Onboarding new employees is an easy thing to muck up and unfortunately, once the damage is done and you’ve failed to hang on to a perfectly good employee, there’s no going back. There is, however, moving forward and improving on a flawed onboarding process. So, we’ve handpicked five statistics you can avoid with a better employee onboarding process.
1. Speedy first impressions
27% of surveyed executives think employers form an initial opinion as to whether an entry level employee will be successful in less than two weeks.
Really? Two weeks? If this percentage was 2%, it wouldn’t be cause for concern, but in this particular study, one in four respondents felt this way. Here at Click Boarding we talk a lot about employee development and that’s never more necessary than in this type of situation!
Fix it: In the first few months of the job, especially for an entry level position, managers shouldn’t be focusing on whether or not this new employee is going to be successful because they haven’t been given enough time to prove it to you. And, as a manager, it’s your job to help that person develop over time. Keep unconscious bias at bay by setting performance goals early and collaborating regularly with the new employee to ensure they have the resources and motivation they need to carry out those goals. Sometimes employee onboarding and performance management overlap and this is one of those times.
Start now: You can set expectations in the job advertisement and interview process. Once you’ve extended an offer, outline goals for the first day, week, month and quarter. They can be around cultural and social goals (have lunch with your team once a month) or they can be focused on skills development (learn how to properly file documents per project guidelines within one month). People do best meeting expectations when we’ve set clear ones.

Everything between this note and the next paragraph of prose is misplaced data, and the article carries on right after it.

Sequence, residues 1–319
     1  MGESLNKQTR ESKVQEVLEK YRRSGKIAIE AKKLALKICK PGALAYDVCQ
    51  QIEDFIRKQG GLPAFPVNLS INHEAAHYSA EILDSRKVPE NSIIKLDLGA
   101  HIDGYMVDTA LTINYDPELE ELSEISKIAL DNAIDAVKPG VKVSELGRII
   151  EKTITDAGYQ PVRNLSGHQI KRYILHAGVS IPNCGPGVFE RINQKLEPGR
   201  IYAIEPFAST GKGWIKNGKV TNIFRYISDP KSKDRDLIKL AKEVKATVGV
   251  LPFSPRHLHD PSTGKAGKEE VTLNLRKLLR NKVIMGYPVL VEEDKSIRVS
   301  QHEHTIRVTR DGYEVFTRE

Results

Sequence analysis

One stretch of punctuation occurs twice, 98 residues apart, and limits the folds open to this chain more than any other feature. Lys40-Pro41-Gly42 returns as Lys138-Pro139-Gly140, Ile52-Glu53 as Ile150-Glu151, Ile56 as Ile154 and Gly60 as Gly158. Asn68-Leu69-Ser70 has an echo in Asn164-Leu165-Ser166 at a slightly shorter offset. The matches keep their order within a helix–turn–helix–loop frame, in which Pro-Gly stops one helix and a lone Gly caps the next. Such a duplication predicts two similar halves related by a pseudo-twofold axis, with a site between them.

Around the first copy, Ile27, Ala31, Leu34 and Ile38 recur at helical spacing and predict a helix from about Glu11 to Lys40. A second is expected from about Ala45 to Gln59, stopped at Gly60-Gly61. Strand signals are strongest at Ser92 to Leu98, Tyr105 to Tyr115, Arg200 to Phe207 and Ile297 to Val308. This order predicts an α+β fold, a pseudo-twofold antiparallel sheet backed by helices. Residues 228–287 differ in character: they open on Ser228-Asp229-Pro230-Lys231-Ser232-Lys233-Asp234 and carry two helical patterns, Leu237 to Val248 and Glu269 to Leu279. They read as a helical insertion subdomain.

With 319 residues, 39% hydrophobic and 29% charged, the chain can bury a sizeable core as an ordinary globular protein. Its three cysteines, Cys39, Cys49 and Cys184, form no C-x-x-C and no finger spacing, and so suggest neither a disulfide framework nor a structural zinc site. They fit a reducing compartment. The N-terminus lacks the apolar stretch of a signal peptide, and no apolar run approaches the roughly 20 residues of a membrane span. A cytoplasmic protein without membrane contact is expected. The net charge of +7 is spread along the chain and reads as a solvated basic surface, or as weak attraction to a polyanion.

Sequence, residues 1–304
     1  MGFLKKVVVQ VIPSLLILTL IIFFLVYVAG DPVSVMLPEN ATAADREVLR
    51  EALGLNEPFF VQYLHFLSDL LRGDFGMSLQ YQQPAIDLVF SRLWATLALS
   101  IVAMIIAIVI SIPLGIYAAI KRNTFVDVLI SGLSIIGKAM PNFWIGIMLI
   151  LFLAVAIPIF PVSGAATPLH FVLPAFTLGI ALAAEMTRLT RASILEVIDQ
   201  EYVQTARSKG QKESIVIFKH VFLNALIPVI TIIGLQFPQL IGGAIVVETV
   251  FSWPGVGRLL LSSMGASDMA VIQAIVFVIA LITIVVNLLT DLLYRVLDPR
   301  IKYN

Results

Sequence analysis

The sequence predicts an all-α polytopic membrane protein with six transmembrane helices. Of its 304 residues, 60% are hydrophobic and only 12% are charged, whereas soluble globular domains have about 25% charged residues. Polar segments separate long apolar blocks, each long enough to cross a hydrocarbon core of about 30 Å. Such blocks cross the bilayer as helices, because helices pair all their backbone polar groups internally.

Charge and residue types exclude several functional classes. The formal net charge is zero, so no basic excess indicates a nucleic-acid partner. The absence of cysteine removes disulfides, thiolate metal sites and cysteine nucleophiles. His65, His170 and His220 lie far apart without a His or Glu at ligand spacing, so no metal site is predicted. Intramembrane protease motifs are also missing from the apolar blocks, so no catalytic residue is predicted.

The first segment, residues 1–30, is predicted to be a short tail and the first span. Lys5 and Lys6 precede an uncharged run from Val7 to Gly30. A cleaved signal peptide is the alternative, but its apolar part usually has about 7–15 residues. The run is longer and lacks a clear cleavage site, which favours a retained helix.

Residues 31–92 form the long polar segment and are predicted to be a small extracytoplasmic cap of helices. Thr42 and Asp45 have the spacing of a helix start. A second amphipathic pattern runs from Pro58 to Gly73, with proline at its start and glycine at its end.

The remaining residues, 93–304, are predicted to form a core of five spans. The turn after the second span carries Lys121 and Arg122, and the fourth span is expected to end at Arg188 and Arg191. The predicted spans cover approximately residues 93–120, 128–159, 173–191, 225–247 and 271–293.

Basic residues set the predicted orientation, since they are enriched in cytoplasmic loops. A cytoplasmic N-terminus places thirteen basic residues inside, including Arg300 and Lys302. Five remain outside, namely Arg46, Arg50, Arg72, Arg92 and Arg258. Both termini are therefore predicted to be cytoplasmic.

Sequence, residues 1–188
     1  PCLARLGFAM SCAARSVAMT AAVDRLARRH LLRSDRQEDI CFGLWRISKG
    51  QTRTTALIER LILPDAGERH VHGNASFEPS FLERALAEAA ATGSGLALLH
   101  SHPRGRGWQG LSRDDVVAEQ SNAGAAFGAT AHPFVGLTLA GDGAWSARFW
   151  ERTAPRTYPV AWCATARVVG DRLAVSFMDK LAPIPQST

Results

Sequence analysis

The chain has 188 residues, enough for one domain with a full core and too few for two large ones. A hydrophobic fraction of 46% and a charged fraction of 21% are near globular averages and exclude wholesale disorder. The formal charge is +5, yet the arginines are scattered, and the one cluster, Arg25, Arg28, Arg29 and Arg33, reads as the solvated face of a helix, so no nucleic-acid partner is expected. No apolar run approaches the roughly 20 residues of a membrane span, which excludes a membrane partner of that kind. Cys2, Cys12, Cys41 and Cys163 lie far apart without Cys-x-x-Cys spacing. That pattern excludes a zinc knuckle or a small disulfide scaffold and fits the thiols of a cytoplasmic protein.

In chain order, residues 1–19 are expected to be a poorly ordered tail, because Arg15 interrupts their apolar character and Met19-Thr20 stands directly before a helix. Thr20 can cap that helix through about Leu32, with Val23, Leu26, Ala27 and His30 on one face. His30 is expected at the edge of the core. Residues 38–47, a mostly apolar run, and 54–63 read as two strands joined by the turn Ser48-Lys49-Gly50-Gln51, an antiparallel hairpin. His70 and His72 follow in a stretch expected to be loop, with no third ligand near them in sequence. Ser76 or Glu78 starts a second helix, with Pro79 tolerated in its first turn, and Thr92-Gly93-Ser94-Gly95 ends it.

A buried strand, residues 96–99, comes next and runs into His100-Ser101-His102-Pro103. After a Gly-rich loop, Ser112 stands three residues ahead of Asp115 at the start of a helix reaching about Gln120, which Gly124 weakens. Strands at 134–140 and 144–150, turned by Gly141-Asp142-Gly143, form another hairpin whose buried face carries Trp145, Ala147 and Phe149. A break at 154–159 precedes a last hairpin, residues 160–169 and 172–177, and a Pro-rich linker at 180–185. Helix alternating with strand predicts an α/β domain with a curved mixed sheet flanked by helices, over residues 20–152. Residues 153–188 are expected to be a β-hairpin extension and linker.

2. Lack of place
50% of employees worldwide do not find meaning or purpose in their current role.
What an unfortunate statistic, but quite believable. Much research suggests job satisfaction is tied to company values, culture and the honesty and respect of leadership. So, how can companies avoid being a part of such a dreary statistic?
Try this: Tie meaning into onboarding by giving new employees a chance to see what part they play in the big picture. Take them around to meet the leadership team, mingle with other departments and get a good look at what the rest of their team does. Finally, remember to talk about company success stories, accomplished goals and struggles that have been overcome.
Start now: Build a communication plan that introduces all employees to your values on a weekly basis. Each week on the company intranet or via email, attach a story, quote or update on your organizational values in practice. This can even turn into an opportunity to spotlight an employee.
3. On your marks…. Get set… Quit!
Employees are 10 times more likely to quit a job at the one year mark than at five.
Despite the very common belief that today’s workforce, especially Millennials, are job hoppers, research suggests that they’re more loyal now than they’ve been since the 1980s. What’s more is that 53% of workers feel a job where they can make an impact is important to their happiness. So, the inner motivation to do well at work and find a company where they can plant roots is there, but companies are failing to retain those well-to-do workers past a year.